As more Nigerians have moved to Cameroon to escape the violence of Boko Haram, they have pushed Cameroonian resources to the brink. The most visible proof of their presence is the lack of trees, which are needed for firewood. Indeed, when the Minawao refugee camp was first established in 2013 by the United Nations, the area was surrounded by trees. Today, the population has swelled to 64,000 people, and trees are becoming scarce.

According to Fast Company, at least 1 hectare of forest a year per person — roughly the size of a Manhattan city block — is cut down as firewood or to make charcoal. That's a lot of trees. However, efforts are underway to make Minawao green again, thanks to the UN's High Commissioner for Refugees (UNHCR) the organization's refugee agency, and the Dutch start-up Land Life Company.

Rebuilding the forest

A woman from the Minawao refugee camp inspects seeds before planting them Trees being planted include nut and acacia trees. (Photo: Xavier Bourgois/UNHCR)

The partnership is tackling the camp's problems in two ways. First, the UNHCR is creating a simple factory at the camp that will allow residents to turn agricultural waste into fuel sources for fires, reducing the need to cut down trees.

The second approach is simply replanting the trees that have been lost, and that's where Land Life Company comes into the scene. The company is focused on combating desertification through tree planting. But planting trees in such areas isn't likely to yield a great deal of healthy trees; the soil simply can't support them. Certain techniques like irrigation can enhance these efforts, but they're not always viable options. Land Life Company's solution is a biodegradable doughnut-shaped planter with a wax cocoon. You can see how it works in the video below.

The goal of Land Life Company's cocoon is give young trees the jump start they need to survive in such harsh conditions. The planter contains all the water the plant needs to establish a root system and a protective shell to keep animals, wind and too much sunlight from damaging the fragile sapling. The planter itself breaks apart in about half a year and provides fresh nutrients to the soil in the process. The whole endeavor is scalable given the relatively low cost of the planter itself, and it has yielded solid results in other areas.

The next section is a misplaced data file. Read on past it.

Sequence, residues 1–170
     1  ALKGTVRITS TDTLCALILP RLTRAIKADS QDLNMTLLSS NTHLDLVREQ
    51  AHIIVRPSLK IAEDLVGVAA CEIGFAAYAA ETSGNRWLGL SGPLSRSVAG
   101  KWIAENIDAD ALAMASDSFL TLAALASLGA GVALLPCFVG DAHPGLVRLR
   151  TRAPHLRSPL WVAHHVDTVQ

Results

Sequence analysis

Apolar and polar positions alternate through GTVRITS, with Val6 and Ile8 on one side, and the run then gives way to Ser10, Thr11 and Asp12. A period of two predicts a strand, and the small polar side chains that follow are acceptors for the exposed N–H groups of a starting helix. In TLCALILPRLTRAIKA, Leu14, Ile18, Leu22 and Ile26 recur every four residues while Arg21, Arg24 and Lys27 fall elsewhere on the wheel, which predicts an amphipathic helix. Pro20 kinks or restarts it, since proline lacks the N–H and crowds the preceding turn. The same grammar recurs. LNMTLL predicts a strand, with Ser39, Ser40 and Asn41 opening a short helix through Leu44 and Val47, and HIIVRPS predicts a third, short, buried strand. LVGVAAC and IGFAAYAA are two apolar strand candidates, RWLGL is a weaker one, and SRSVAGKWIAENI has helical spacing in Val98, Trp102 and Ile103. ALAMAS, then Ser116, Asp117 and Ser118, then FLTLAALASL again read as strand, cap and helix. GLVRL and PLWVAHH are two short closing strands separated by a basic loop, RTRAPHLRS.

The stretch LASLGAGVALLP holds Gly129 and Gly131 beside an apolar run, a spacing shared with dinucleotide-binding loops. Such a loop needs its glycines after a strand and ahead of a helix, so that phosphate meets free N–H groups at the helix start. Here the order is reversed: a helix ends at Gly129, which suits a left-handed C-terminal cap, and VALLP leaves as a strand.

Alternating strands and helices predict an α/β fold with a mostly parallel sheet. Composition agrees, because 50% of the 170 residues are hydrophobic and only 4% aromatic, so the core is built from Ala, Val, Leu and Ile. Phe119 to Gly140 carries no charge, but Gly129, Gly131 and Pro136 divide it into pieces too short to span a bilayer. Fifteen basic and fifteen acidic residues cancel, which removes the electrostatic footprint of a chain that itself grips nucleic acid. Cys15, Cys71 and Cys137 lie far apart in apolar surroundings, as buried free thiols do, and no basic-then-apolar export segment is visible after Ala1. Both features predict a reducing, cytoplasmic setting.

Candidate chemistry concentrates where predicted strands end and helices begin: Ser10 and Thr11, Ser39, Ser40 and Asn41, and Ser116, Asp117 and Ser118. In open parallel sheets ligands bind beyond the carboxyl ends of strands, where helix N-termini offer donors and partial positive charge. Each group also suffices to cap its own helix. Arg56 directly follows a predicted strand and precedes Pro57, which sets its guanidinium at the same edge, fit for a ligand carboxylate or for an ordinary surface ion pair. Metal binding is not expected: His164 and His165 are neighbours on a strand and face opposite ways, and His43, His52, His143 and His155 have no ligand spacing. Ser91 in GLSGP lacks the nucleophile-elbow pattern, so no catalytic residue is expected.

"One of the reasons we were really attracted to the project is we were able to create quite a holistic approach to deforestation. Because if you just go at it by replanting trees and cross your fingers and hope the same thing might happen, then ... when you come back five years there will be no trees. You have to give people an alternative," Charlotte Jongejan, Land Life Company's head of marketing, told Fast Company.

About 40,000 trees have been planted in and around the camp since December 2017. And while there hasn't been any rain since then, the saplings are doing well. Another 30,000 trees will be planted in May and June, creating 250 jobs for people in the camp. Some of the trees will be nut trees while others will be acacia trees for tea. In addition to their food, the trees will also provide shade and help rebuild the overall ecosystem.

A hand reaches for a cocoon planter Land Life Company's planters are biodegradable and help the soil as they break apart. (Photo: Xavier Bourgois/UNHCR)

"You’re encouraging an ecosystem to come back to life where there was nothing — no insect life, no soil life," Jongejean said. "With a healthy tree growing, it's regenerating the soil, and that's bringing back insects, bringing back wildlife, and that just reboots the whole system."

The initiative is also helping to improve relations between the refugees and Cameroonians.

"There is quite a tension between those communities and these refugees communities coming in," Jongejean explained. "Host communities often don't have much to start with. They live in very poor circumstances. They have their own little smallholder farm and suddenly there’s 63,000 people on their doorstep competing for water, competing for land, and potentially going into their forests and chopping down firewood to cook."

Land Life Company also produced a short documentary about the project called "It Will Be Green Again." You can watch it below.